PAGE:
Finally Kagi has a primary school teacher
We have received fantastic news that our long time porter, Gibson Kenmore has completed his primary teacher training and will teach at the Kagi Primary School. The school building is complete and is located below the Eco toilet camping site at Kagi.
We wish Gibson all the best with his new important role in the Kagi community and NRE will be supporting him as much as possible.
Update on the condition of the road between Popondetta – Kokoda:
We have been advised that the road is passable and that the bridge over the Kamusi River is also able to be used. This obviously is always subject to change depending on the weather.
Trek Group: Fountain Gate Secondary College.
Trek Date: 16 – 28 September 2012
Leading treks on the Kokoda Track is always challenging, no matter how many times a guide has been lucky enough to participate in this unique activity.
Apart from the terrain and ever changing weather, guides have the task of leading trekkers that attend with varying levels of fitness and expectations on an adventure of a lifetime. The majority of these trekkers are adults. This is unfortunate as I consider Kokoda offers so much that would be of great value to the development of teenagers.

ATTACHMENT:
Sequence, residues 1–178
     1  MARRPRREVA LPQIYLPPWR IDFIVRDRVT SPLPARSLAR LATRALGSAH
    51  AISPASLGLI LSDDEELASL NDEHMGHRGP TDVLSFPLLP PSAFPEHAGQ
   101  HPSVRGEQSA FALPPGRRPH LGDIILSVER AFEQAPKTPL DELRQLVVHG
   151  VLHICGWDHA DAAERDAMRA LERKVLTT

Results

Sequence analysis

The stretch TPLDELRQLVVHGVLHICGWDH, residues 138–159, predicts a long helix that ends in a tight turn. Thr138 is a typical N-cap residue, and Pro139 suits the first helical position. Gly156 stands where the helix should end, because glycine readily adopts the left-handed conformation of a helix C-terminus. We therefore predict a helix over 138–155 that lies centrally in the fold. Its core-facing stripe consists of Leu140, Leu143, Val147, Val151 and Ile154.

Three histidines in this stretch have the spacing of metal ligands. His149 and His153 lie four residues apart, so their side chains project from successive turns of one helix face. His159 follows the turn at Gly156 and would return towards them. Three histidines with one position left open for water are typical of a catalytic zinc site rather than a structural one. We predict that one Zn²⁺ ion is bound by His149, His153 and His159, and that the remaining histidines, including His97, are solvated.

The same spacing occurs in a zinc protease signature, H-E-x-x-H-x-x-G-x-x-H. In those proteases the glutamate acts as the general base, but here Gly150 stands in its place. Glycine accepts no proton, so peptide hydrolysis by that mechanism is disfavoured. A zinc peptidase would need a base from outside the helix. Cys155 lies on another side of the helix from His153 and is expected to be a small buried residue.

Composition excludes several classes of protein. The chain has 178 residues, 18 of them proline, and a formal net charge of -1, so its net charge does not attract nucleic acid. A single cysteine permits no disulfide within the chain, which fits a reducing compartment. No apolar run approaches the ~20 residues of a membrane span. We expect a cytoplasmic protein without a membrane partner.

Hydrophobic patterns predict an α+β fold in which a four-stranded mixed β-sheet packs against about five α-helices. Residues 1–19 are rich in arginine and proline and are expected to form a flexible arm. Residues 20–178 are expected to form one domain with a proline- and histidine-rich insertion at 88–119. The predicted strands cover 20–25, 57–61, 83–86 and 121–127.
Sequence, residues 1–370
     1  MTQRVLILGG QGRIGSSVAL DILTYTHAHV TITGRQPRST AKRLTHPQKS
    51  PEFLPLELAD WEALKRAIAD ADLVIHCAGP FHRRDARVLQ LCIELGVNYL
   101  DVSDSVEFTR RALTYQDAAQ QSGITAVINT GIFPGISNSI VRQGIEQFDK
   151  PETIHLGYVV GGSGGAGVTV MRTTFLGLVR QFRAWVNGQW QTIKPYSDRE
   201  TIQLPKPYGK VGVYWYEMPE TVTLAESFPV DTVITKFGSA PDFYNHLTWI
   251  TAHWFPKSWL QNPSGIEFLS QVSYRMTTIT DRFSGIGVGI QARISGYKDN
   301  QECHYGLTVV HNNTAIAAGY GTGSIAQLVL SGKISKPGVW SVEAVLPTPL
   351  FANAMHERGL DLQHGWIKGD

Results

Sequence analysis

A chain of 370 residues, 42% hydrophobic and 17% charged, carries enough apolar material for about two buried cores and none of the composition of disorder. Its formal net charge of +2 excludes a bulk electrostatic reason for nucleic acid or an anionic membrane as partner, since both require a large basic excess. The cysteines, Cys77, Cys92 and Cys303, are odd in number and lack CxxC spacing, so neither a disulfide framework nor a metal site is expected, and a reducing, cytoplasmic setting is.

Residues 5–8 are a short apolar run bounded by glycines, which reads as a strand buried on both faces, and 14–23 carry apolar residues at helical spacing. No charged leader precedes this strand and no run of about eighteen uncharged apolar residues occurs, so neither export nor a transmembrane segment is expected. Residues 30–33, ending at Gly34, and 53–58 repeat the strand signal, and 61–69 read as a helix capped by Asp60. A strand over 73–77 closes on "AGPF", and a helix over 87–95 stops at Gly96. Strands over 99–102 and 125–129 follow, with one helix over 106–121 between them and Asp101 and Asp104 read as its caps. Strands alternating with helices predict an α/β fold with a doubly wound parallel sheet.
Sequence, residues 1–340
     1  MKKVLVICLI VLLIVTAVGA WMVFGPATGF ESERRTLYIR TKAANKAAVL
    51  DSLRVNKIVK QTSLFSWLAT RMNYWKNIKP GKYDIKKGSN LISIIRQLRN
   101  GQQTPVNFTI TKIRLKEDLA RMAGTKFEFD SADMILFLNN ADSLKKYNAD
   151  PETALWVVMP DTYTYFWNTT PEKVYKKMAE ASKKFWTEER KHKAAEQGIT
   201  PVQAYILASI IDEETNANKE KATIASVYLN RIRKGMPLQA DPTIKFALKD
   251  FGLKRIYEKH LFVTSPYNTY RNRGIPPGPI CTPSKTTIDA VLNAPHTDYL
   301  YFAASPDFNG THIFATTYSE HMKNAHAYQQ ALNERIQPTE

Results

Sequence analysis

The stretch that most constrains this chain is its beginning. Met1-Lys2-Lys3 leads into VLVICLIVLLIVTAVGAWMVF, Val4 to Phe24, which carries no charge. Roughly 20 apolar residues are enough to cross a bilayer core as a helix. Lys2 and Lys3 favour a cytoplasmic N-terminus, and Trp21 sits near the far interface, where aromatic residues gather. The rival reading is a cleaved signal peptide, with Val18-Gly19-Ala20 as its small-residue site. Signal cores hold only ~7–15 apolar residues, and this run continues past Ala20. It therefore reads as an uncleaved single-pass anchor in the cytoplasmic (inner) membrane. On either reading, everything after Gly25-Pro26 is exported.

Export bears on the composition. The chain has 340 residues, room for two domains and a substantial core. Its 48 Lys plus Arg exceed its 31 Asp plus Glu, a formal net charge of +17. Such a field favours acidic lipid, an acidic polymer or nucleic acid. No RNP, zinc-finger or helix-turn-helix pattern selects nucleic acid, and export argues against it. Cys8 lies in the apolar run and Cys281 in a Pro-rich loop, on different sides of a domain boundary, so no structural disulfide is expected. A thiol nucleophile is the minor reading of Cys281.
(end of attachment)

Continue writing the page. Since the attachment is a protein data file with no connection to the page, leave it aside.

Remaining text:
I recently had the pleasure of leading a group of students from Fountain Gate Secondary College. These students were close to the age of many of the Diggers whose muddy footsteps we followed.
In October 2011 I gave a Kokoda presentation at the school. Over the following months a group of year 10, 11 and 12 students expressed interest and were supported by an enthusiastic group of teachers (and one father) who all had the same unifying goal of walking Kokoda in September 2012. The adventure also included a two day stay in Kagi Village mid trek.
Did you know that No Roads Expeditions has school trips to the Kokoda Track? The Kokoda Trail is a significant part of Australia's history. It is an integral part of our National Identity. Our role in the League of Nations prior to the WWII and the part we played in the ultimate defeat of Imperial Japan has shaped how we see ourselves and how the world perceived us in its aftermath.
As such, walking the Kokoda Trail is an experiential activity that enables students to actually feel what Australian soldiers endured during the campaign and places them and the events that unfolded into a real context. Australia and its place in the world is deeply understood by students and teachers alike. By placing students on the Track, students will not only learn about history but will start to understand themselves on a level that is difficult to simulate any other way.